How Does 401(k) Auto-Enrollment Relate to the Employer Match and Total Compensation?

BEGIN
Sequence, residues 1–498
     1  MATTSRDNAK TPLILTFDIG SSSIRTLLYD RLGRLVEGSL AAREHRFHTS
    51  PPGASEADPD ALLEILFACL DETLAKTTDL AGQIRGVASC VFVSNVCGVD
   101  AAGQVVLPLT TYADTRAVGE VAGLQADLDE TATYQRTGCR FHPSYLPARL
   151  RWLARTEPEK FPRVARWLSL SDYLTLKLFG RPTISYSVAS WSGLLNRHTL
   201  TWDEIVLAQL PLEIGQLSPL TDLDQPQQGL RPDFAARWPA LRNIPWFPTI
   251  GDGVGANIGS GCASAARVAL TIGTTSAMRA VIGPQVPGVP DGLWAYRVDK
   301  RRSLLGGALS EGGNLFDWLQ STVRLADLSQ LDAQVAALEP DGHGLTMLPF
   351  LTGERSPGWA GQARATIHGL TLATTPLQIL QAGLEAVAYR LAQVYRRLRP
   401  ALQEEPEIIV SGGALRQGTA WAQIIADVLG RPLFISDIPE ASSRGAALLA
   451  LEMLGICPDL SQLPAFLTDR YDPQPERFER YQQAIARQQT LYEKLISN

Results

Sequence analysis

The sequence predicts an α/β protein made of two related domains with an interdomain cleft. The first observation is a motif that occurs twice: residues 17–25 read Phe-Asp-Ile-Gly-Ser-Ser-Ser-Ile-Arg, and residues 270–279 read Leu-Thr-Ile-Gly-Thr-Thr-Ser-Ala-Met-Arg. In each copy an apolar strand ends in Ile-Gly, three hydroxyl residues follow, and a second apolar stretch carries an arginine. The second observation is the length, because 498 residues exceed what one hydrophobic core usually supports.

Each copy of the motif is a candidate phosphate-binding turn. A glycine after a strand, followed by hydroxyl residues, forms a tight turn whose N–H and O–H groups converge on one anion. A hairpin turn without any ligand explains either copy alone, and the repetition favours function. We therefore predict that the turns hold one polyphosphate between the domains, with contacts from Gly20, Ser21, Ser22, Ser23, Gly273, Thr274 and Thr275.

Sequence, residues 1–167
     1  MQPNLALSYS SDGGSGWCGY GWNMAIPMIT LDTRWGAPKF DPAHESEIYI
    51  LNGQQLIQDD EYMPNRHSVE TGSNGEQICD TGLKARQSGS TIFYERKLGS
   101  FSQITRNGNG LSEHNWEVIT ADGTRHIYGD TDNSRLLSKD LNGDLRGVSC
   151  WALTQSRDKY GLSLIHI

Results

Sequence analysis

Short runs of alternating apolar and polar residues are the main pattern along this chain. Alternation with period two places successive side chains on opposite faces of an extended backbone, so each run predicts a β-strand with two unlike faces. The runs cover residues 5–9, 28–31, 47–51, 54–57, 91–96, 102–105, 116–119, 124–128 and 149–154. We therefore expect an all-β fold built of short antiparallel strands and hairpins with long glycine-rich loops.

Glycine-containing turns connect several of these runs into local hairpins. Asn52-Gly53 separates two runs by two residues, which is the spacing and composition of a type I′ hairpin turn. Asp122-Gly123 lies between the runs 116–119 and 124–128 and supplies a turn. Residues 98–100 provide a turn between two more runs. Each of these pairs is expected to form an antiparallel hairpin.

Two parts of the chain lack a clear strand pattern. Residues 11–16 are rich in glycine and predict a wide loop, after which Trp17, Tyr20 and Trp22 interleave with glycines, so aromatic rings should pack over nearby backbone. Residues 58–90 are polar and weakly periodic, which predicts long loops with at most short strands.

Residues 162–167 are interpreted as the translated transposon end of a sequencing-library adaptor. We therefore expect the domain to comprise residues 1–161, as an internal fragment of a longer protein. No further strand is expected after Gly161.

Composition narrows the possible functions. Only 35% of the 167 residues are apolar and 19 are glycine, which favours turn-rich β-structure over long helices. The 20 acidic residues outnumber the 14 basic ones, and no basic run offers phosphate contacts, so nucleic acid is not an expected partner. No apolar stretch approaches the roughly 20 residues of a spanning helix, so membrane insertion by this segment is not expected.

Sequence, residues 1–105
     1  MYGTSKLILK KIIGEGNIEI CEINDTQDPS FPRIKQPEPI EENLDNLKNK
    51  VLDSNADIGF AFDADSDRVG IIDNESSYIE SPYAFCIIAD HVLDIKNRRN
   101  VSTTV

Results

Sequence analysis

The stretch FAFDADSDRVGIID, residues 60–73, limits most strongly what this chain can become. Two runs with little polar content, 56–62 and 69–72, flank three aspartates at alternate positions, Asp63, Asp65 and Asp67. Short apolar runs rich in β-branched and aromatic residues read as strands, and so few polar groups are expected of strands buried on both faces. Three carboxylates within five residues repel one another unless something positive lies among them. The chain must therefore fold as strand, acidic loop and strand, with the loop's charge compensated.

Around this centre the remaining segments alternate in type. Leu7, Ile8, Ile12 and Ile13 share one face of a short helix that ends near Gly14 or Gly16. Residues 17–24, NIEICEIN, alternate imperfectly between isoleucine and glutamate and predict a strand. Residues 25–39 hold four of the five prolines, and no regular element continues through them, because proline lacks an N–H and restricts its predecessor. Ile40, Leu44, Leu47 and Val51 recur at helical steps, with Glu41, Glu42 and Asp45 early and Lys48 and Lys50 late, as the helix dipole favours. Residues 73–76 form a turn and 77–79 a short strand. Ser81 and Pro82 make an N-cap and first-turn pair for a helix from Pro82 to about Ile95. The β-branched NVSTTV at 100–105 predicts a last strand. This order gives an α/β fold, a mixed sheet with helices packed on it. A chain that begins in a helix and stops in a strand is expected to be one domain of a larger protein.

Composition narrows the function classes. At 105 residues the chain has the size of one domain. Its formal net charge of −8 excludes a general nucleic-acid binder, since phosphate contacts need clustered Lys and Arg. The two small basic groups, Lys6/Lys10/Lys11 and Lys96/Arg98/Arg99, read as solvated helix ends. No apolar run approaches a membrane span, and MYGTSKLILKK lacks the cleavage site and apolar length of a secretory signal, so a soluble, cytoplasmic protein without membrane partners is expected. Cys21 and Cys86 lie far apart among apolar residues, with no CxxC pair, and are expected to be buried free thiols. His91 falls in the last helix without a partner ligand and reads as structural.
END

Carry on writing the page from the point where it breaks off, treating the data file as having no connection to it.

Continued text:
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This study uses restricted microdata from the National Compensation Survey to examine the impact of auto-enrollment on employee compensation. By boosting plan participation, automatic enrollment likely increases employer costs as previously unenrolled workers receive matching retirement plan contributions. Employers might respond to this surge in retirement plan costs by trimming match rates to 401(k) plans or by lowering other types of compensation.nWe find that employer match rates are negatively and significantly correlated with auto-enrollment. Not only do employers with auto-enrollment have lower potential match rates than those without, but they also set the default match rates much lower than the match threshold and can thus contribute to the accounts of more workers without necessarily increasing their costs. Our findings suggest that employers might be doing exactly this, since we find no evidence that total costs differ between firms with and without automatic enrollment. Furthermore, we find no evidence that DC costs crowd out other forms of compensation – suggesting that firms might be lowering their potential and/or default match rates enough to completely offset the higher costs of automatic enrollment without needing to reduce other compensation costs.nThus, while auto-enrollment is likely to boost the retirement savings of workers who would not participate without it, our findings suggest it could lead to lower account balances at retirement for those who were already enrolled or would have enrolled anyway. Furthermore, the prospect of lower match rates may not only reduce employer contributions to retirement accounts, but might also lower workers’ contributions.